Mount Rushmore and the Badlands are located near each other in South Dakota. There is also a National Grasslands here which provided me with one of the most peaceful half-hours of my life, with only the blue sky, tan soil and the endless wind winding through the green and golden grasses to occupy my thoughts. The wind set the grass in constant motion all around me, and muted every other sound. In the Badlands, you'll find neat rock cliffs, and a small row of rustic cabins run by local Native Americans. There are also pronghorns and buffalo here, and an evening Park Ranger walk that takes you along some Buffalo trails.

In Montana, white bighorn sheep roam the rocks of Glacier National Park, and you also have a better than average chance of seeing grizzlies here, as they are more prevalent than in more southerly parks. A couple of days will do it here, for most families. Banff (a Canadian National Park) is not far north of Glacier, along with the city of Calgary. I've never been, but both locations are apparently stunning.

Rocky Mountain National Park is on the way to Yellowstone, if you fly in and out of Denver. It also has mountain goats and many wonderful overlooks. But look out for that "mountain sickness" that comes from getting out of the car at high elevations and trying to move around too much in the thin air. Bad headaches are the main symptom. Plan a few hours to make your way through the park, which allows you to pass from one end to the other on your way west.

I Saw It In The Movies

Devils Tower in Wyoming is a little out of the way, but lots of fun for fans of the film, "Close Encounters of the Third Kind". You won't find any evidence of spaceship landings, but you may spot Native American climbers placing feathers high on the monolith's vertical walls, as part of a cultural tradition. There's a nice hike that goes around the base of the site. This is a few hours stop-over.

If you make it out to Seattle, one of the most majestic stand-alone dormant volcanoes is Mt. Rainier, at least when it's not wrapped in clouds. This is a one-day affair. There's a visitor's center, but the main draw is the mountain which has many scenic vistas. I have to say, though, that Mt. Hood in Oregon is similar, but a little more accessible. There's a path to great glacier overlook, and a ski lift that operates year-round on the opposite face. In fact, it's so accessible, Mt. Hood no doubt served as the model for "Mt. Useful" in one famous Simpson's episode.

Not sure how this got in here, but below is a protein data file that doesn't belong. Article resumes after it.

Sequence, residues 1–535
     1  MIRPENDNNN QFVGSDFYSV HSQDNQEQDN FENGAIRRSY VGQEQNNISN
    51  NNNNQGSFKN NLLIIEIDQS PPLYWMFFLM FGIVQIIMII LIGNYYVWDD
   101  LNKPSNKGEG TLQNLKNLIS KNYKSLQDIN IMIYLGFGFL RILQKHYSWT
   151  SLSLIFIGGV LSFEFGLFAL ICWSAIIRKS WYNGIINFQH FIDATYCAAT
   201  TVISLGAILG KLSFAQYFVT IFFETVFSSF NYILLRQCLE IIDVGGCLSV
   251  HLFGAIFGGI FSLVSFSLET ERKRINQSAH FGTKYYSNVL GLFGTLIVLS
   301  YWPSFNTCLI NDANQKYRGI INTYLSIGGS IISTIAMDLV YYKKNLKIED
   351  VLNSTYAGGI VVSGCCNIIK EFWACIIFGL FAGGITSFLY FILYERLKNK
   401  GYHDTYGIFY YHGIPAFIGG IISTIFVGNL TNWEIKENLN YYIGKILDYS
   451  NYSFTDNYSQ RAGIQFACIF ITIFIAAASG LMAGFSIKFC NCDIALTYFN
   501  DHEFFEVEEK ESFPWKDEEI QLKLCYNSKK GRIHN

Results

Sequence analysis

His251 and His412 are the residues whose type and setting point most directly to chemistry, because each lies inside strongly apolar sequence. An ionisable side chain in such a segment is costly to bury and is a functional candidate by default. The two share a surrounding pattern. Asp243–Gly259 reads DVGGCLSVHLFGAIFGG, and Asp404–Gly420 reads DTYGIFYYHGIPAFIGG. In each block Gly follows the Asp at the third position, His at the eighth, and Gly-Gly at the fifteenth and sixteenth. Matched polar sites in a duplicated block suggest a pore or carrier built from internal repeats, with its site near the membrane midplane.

Down Under

Closer to the east coast, Mammoth Cave in central Kentucky is an aptly named super-cavern that includes some enormous underground vaults. There are also coal mine tours nearby, in case you haven't gotten enough underground experience in the cave. Allow a few hours.

In Florida, the Everglades lie near the mainland's southern tip. Alligators and other wildlife abound. I hope to get to this for the first time in 2011.

In Maine, Acadia National Park is an enormous seaside wildlife and nature preserve with tons of forest trails and hikes, along with beautiful overlooks of the Atlantic and sea lanes dotted with lobster traps. You can easily spend a few days here, including a visit to scenic Bar Harbor. Whale watching tours are available at certain times of the year.

You could write a book about all the Park Service's wonderful locations (and in fact, many people have). But these are a few of my favorite locations. The bottom line: National parks are very inexpensive (they charge one admission price for the entire carload), and your ticket is usually good for as long as a week. It can often be used toward admission at other locations, too. And despite the economy, the government remains pretty committed to keeping on top of the upkeep on these places, as well as providing rangers to interpret the history and the natural significance for you. Some of our best family memories have been made while on the road in the county's National Parks.